Log in

No account? Create an account

Previous Entry | Next Entry

On Not Writing

For those of you, whose internal slave driver tends to force you to the keyboard with a liberal dose of the cat-o'-nine-tails:   

I think of myself as a writer, so this is a tough confession to make: I haven't been writing new fiction for close to four months now. There are plenty of reasons (good, bad, and ugly). The trouble at heart, however, was that fiction writing was becoming all-work, no-fun, and if there was one thing I didn't need more of, it was work. So I took a break from writing.

It wasn't easy to go against all the good advice on writing that says 'write, write, write'. Writing is definitely a trade where constant practice is crucial to improving, and I've always wanted to be good at what I'm doing. But suddenly I was no longer working, improving, or jotting ideas down, and I certainly wasn't getting any new stories published. I kept feeling that I really, really should be following the straight road to publication by writing, writing, writing.

Except, I wasn't having any fun. At all. Stopping was the only logical solution.

After a good deal of struggling with my conscience, I discovered that NOT writing was a load off my shoulders, a ball and chain off my leg, a lift on a long deserted highway of unlucky hitchhiking. (Note to self: Work on metaphors...) Better yet, I gradually started longing to get back to the keyboard to pound out new ideas or nurse stories to life from half-dead drafts. At first I ignored the calling, but in the last three weeks or so I've returned to the keyboard again and again -- and liked it. Things are moving slowly compared to my pre-break writing speed, but I sure score higher on the fun-scale.

So, for anyone looking for alternatives to the conventional wisdom of 'a writer writes, always', Drud's first rule of writing goes like this: Fiction writing should always be at least a little fun, and preferably a lot.



( 7 comments — Leave a comment )
Mar. 11th, 2009 09:22 am (UTC)
Good rule!
Mar. 11th, 2009 12:59 pm (UTC)
Yeah. And it works :-) (for me, at the moment, at least).
Mar. 11th, 2009 10:18 am (UTC)
Absolutely agree!

If I try to write when I'm over-tired due to the day-job, or I'm unwell, or my motivation has headed south for some reason, the results are invariably dreadful.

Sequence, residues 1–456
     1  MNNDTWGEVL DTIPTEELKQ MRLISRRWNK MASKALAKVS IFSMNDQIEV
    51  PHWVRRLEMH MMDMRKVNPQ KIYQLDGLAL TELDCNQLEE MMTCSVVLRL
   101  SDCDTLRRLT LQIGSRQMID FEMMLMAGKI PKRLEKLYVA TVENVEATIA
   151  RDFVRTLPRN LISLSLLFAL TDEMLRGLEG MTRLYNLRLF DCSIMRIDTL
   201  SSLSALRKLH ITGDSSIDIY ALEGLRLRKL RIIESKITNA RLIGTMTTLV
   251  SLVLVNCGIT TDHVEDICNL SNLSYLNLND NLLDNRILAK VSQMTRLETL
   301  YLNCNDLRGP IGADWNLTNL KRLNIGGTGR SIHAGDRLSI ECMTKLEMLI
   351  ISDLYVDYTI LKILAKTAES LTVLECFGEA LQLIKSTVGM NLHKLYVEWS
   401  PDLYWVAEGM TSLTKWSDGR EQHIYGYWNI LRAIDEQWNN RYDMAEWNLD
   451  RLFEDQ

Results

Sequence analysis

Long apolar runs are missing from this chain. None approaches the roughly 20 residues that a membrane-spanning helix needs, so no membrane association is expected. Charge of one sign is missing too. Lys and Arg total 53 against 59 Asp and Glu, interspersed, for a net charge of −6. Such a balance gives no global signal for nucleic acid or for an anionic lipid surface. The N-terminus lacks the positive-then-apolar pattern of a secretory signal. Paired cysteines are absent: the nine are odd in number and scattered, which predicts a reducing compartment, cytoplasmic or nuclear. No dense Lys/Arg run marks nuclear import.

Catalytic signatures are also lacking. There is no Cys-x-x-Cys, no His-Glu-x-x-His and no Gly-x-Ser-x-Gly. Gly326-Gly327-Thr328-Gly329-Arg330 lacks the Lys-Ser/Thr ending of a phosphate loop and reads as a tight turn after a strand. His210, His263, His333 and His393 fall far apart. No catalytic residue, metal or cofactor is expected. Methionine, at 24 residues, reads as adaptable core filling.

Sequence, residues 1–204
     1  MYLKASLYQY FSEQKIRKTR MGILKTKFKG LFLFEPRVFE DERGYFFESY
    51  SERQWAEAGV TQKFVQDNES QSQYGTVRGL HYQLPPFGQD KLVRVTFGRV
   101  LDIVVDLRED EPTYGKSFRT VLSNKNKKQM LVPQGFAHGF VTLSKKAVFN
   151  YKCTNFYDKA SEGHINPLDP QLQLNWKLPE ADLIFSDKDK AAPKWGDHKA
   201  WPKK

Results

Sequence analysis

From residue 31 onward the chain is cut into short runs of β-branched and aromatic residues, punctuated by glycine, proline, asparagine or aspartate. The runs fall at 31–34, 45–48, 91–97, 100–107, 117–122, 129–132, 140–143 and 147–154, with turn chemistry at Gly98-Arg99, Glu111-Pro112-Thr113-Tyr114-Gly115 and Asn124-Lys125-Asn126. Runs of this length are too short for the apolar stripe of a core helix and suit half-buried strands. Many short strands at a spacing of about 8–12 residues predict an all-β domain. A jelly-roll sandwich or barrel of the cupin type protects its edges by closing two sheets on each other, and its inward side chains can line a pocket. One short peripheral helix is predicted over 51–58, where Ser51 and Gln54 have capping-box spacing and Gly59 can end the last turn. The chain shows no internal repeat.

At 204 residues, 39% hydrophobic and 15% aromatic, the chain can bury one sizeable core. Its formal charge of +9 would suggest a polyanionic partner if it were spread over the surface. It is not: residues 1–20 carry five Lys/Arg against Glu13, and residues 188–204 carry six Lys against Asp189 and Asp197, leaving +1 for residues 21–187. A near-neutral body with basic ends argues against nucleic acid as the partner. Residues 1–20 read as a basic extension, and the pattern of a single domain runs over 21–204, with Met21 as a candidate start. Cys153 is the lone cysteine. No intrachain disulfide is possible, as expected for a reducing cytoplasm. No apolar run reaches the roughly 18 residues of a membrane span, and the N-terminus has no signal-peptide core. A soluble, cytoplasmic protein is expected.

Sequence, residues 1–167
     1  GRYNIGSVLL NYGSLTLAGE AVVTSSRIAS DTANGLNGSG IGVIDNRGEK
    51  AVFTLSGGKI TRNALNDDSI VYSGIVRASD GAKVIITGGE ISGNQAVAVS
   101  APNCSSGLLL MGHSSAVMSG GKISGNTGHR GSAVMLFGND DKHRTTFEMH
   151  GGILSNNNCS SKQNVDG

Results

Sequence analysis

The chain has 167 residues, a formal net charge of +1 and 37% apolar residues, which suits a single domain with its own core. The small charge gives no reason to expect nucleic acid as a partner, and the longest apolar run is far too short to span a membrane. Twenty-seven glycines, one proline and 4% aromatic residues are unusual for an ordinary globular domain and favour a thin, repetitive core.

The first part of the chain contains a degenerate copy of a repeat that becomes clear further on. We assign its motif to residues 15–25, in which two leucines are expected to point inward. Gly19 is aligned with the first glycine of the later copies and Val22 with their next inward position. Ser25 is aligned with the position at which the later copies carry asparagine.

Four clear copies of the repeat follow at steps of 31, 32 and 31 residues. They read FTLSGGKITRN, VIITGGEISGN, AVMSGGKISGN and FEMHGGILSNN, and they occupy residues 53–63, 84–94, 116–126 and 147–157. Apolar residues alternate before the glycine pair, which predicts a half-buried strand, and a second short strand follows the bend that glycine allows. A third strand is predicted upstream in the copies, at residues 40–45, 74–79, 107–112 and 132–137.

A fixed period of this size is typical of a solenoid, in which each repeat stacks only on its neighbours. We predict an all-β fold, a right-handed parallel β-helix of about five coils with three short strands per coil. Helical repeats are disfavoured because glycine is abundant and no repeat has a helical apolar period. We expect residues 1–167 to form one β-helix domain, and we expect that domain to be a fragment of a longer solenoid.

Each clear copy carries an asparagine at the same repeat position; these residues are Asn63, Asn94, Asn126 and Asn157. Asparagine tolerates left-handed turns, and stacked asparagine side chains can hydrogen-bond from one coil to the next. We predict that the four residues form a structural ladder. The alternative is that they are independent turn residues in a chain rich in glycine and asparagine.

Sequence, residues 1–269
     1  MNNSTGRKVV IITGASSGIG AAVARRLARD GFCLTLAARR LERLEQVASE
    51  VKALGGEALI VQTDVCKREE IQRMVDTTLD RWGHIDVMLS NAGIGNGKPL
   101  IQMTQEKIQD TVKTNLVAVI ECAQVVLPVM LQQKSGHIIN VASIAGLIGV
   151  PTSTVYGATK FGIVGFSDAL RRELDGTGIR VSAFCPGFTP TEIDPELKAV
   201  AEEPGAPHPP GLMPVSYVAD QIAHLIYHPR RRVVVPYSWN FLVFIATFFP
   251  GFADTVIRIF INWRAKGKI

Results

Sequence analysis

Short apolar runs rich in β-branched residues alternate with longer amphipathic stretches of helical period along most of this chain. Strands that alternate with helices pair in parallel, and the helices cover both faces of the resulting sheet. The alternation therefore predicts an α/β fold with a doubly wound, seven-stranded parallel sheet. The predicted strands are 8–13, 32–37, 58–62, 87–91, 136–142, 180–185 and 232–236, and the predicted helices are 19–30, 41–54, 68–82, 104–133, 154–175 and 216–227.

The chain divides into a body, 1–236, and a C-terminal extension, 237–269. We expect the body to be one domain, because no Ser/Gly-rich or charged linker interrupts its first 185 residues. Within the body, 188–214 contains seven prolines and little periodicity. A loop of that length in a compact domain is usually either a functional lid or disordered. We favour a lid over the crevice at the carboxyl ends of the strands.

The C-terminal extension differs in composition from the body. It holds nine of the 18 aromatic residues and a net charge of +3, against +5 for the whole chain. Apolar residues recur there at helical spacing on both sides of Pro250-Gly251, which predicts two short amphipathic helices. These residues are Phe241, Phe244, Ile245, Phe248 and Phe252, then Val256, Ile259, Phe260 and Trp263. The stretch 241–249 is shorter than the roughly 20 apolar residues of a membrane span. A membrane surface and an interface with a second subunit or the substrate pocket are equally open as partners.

"Write as often as you can" would be a better rule. But who needs rules?
Mar. 11th, 2009 12:54 pm (UTC)
In a way I might have taken one of those "write-write-write" rules and remembered Cherryh's first law ("No rule should be followed off a cliff.")

I put it like this because I think most people are able to forcethemselves into doing something because they MUST. In the end that'll cost you, as I discovered, so for this rule I wanted to emphasize fun rather than productivity.

But yeah, I doubt any amount of rules is ever going to streamline the process of fiction writing for any writer.
(Deleted comment)
Mar. 11th, 2009 12:58 pm (UTC)
It works for me too :-) There were some other personal issues to set right as well, so all in all a break was a really good thing.
Mar. 11th, 2009 01:55 pm (UTC)
This was my post-WOTF finalist experience as well. I didn't take such a break from writing per say, it's just that everyone I wrote suffered. My skills I'd garnered up to that point all went out the window. The "muse" is a harsh mistress...
Mar. 12th, 2009 05:01 am (UTC)
Yes, it's remarkable how lack of enthusiasm shows up in a story. My characters don't suffer as such, but the plots I come up with invariably turn out to be predictable. I guess it takes a certain amount of energy to juggle plot, characters and worldbuilding at the same time.
( 7 comments — Leave a comment )


Author Pic

Latest Month

August 2015


Powered by LiveJournal.com
Designed by Tiffany Chow